Saturday 6 April 2013

More Cold Weather Gulling

The cold north-easterly wind has been holding back the gulls from moving on to their breeding areas, as well as preventing the bulk of the summer migrants making their way to Britain. Amongst today's crop was the smart 1st-winter Iceland Gull that I first found on March 9th.  It was quite a sight watching it in flight amongst the other gulls.

Faded 1st-winter Iceland Gull, Shawell A5 

In addition Steve Lister and I had at least four Caspian Gulls and three Yellow-legged Gulls. 2nd-winter Caspian Gulls are quite regular at the site and today I found three. Classic 2nd-winters are very distinctive with neat dark centred greater coverts creating an obvious bar plus adult like median coverts and mantle and scapular feathers contrasting with the immature lesser and greater coverts. One such bird was at the landfill. I was treated to a comparison of the underwing pattern of Caspian, Yellow-legged and Herring Gull of similar ages as they squabbled over feeding rights. The underwing of the Caspian Gull was clean white, the Yellow-legged Gull was white with extensive brown markings  and the Herring Gull had mostly dirty brown underwings. At the Shawell A5 Lagoons I spotted a gull with many pro 2nd-winter Caspian Gull features, however, its plumage was less distinctive as its greater and lesser coverts were faded, but structurally it was spot on.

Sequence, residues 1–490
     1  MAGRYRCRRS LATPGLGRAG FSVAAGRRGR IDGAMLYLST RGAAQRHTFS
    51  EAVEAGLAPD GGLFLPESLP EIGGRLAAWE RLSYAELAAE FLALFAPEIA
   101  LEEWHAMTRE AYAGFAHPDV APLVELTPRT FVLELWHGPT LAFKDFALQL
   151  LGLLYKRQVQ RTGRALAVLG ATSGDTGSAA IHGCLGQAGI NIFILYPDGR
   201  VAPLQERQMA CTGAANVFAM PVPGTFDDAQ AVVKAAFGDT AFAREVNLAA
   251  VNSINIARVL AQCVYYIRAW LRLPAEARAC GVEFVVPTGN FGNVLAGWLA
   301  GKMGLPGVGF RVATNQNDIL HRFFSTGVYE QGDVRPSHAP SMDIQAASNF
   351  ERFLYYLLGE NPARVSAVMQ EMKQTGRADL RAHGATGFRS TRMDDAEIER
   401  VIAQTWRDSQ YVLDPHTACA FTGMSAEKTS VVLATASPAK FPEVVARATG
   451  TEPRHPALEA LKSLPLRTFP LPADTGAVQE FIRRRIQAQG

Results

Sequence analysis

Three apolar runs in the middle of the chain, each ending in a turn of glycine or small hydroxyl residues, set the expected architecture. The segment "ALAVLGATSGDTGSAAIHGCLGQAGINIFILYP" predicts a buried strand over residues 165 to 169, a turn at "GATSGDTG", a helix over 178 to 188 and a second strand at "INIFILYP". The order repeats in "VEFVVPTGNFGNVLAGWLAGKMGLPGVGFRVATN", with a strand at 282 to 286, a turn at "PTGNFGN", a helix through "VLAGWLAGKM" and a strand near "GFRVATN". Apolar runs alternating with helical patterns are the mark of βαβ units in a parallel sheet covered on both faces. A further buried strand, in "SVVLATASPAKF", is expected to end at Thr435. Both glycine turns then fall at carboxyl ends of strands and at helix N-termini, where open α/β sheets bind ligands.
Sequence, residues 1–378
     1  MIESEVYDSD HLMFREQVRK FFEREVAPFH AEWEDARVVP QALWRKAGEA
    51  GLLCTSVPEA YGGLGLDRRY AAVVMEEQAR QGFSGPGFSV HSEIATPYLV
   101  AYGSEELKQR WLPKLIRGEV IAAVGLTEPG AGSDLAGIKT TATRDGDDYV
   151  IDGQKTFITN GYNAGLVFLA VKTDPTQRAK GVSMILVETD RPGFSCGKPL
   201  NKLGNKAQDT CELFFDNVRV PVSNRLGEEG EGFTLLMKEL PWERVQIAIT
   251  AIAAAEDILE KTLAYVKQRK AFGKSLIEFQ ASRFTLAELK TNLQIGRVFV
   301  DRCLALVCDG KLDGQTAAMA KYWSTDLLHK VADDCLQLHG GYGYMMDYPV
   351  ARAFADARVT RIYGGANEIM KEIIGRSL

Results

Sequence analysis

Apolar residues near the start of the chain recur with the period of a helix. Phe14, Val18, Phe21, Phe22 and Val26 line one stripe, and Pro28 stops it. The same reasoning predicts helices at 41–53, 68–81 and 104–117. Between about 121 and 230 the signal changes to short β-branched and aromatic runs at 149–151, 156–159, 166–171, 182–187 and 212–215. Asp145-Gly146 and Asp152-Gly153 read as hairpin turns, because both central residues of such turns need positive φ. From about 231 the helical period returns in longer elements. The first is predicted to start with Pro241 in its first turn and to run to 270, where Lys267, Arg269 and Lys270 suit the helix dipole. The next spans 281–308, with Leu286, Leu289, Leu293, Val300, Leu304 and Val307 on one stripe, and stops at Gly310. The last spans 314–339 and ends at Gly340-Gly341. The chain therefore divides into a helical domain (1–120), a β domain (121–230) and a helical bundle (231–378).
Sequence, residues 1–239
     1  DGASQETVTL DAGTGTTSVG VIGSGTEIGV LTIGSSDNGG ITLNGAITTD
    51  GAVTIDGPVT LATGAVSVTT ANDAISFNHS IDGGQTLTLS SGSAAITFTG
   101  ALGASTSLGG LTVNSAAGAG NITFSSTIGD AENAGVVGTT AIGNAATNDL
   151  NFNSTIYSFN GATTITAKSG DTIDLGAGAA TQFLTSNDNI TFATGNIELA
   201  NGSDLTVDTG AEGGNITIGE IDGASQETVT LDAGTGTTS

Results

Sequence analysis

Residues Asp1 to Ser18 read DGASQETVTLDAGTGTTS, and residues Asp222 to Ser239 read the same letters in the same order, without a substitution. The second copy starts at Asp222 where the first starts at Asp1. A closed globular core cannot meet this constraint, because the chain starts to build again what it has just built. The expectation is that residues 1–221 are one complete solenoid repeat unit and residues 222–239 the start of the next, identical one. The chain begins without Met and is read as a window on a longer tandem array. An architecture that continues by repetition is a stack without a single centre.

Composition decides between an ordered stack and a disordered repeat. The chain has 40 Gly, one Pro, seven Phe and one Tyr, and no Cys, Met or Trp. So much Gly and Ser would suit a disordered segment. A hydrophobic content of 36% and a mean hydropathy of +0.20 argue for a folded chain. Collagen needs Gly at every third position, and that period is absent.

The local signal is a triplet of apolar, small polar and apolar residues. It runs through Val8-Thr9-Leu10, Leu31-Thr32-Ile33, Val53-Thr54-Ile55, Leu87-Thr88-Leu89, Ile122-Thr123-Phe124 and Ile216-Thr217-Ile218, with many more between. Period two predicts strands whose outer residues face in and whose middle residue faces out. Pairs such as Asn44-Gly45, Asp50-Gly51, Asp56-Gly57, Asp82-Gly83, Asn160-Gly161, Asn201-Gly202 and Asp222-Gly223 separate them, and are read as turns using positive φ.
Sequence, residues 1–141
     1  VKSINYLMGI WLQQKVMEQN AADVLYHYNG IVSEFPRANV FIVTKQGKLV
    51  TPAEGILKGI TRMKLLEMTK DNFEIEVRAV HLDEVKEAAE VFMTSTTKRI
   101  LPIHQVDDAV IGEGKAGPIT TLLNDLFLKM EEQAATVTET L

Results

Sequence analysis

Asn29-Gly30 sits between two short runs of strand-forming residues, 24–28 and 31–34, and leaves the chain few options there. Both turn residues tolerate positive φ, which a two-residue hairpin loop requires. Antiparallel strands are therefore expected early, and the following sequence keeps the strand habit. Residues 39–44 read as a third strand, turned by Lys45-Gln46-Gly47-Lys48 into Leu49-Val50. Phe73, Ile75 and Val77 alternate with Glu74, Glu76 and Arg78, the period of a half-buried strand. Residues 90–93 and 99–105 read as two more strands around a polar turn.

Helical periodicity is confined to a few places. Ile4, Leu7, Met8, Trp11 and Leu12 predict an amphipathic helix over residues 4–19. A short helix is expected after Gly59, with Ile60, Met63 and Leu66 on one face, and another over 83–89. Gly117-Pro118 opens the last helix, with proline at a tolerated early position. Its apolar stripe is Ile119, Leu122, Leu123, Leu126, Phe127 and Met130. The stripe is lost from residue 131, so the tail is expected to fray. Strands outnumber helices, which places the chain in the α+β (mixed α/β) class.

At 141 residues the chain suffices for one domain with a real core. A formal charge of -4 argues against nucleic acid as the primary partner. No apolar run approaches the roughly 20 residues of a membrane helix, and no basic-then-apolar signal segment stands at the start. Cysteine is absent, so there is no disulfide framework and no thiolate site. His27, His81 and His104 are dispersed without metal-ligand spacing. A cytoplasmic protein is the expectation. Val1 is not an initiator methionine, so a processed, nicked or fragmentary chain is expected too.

2nd-winter Caspian Gull, Shawell A5 Lagoons
The Caspian Gull above demonstrates the most distinctive plumage of 2nd-winter Caspian Gull. The dark bar is  obvious on the greater coverts as are some new adult like median coverts. The fine streaking on the nape; the small clean white head and beady eye; the hanging rear belly; the kinked neck and the strong black tail band and primaries also help point to its identity. In this picture its bill looks a bit stubby but that is down to the angle of its head. The underwings were very white, which is anther thing to look for as previously mentioned.

Three odd gulls were seen: a Herring Gull with many white primary feathers and two others with faded buff primaries. The one in the photo below is a large bird, which could be a hybrid.

Pale Gull

As well as the gulls we were treated to a fly past by a splendid Red Kite.

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